New data has shown that UK exports remained at a record high for the month of July, despite the continued uncertainty surrounding Brexit.
Figures from the Office for National Statistics (ONS) released this week showed that exports from Britain rose by £30.9 billion ($40.3 billion), up by 5.2 per cent compared to the same month last year.
When looking at goods exports specifically, the picture was also positive. They were shown to have risen by 6.2 per cent and continued to grow faster than imports for the 12th month in a row.
International trade secretary Dr Liam Fox said: "Today's trade figures show demand for UK goods and services is continuing to grow. As we open consultations for future trade relationships with key markets around the world, we're seeing the UK shift towards selling more than we buy."
He added that the British international economic administration will continue to work with companies to ensure they are able to make the most of opportunities to send their goods and services across the globe.
In total, exports of British goods to non-EU countries have almost doubled since 2000 and in 2017, eight out of the ten fastest-growing markets for UK exports since 2010 were outside of the European bloc.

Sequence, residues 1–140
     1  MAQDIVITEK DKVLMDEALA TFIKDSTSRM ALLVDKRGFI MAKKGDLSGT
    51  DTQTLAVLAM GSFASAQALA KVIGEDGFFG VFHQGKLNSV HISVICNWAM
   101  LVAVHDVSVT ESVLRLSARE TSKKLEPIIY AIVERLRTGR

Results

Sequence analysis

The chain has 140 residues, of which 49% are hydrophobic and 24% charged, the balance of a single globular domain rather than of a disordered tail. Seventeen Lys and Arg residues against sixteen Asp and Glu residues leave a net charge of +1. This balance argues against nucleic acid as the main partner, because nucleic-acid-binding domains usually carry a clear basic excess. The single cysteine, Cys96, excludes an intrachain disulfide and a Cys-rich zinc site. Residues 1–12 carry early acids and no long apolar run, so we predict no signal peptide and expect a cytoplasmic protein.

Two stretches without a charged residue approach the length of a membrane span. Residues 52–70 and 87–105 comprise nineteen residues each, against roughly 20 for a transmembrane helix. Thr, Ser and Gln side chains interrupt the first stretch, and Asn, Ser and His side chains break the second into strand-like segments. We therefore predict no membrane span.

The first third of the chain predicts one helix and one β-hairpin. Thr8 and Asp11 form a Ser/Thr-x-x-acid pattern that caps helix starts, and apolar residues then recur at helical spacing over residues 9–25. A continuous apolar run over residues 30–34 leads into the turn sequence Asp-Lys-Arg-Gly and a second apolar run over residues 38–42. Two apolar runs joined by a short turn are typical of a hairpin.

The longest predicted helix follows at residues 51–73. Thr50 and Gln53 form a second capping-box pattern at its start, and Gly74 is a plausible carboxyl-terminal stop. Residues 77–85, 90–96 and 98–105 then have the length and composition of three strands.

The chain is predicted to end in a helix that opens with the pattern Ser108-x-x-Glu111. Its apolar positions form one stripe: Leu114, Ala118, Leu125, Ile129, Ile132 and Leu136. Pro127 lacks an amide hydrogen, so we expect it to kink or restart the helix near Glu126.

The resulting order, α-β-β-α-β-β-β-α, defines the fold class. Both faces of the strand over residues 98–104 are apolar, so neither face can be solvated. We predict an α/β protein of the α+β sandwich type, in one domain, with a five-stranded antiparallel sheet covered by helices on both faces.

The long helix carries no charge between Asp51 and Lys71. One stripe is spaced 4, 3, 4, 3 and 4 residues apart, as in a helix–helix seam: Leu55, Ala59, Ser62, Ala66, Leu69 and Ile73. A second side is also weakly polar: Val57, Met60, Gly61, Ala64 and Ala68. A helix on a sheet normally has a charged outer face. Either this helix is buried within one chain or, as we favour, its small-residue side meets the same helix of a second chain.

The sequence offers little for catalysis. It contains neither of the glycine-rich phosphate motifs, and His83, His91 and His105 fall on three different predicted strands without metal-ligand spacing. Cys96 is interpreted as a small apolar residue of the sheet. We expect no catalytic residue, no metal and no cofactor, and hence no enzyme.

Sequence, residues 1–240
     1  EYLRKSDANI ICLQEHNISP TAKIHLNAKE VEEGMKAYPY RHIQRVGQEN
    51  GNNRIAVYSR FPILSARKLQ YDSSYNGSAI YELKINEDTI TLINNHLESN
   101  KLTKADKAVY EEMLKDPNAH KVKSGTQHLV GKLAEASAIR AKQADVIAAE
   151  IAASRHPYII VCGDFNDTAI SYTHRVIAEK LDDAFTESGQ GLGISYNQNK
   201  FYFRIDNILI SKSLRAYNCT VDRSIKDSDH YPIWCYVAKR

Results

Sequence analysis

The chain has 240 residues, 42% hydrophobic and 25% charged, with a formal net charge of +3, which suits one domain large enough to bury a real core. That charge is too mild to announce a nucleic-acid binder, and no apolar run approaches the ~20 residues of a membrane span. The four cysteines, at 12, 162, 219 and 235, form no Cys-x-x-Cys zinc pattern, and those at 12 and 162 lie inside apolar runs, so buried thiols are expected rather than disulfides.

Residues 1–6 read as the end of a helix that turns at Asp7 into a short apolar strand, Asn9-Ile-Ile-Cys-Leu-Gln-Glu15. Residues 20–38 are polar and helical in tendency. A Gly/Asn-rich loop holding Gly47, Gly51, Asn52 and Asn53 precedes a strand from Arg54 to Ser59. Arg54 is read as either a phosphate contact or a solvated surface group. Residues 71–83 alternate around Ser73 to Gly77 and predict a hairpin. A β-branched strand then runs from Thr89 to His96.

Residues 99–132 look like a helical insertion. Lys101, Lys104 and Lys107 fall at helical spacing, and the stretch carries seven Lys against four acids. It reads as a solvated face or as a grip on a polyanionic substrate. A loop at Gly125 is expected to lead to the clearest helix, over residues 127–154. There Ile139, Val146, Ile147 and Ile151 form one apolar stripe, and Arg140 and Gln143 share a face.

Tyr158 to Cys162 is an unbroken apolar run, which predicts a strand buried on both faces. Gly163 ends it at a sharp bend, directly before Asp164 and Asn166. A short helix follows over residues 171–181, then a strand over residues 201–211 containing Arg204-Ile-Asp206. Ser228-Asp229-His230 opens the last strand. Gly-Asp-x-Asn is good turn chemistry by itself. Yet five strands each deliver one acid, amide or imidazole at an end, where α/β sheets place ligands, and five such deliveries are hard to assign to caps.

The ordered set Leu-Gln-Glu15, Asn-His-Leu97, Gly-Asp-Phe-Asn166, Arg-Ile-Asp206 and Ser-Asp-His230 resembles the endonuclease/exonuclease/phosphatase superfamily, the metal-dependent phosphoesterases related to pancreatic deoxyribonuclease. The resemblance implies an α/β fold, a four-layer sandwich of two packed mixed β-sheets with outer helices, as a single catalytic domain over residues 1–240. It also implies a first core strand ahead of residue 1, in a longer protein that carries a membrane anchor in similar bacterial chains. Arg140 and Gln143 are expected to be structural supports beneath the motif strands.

This may bode well for businesses unsure of their chances of international trading post-Brexit, since a number of markets are sure to exist away from Europe in countries including those in Asia.
Indeed, many countries have been attracted to UK exports thanks to a cheaper currency making British goods more affordable for overseas buyers to purchase.
Only the manufacturing sector has been demonstrating sluggish growth, something ministers are keen to address as the departure from the EU approaches.
This week's news came after the government launched an Export Strategy last month, designed to boost exports as a proportion of GDP to 35 per cent.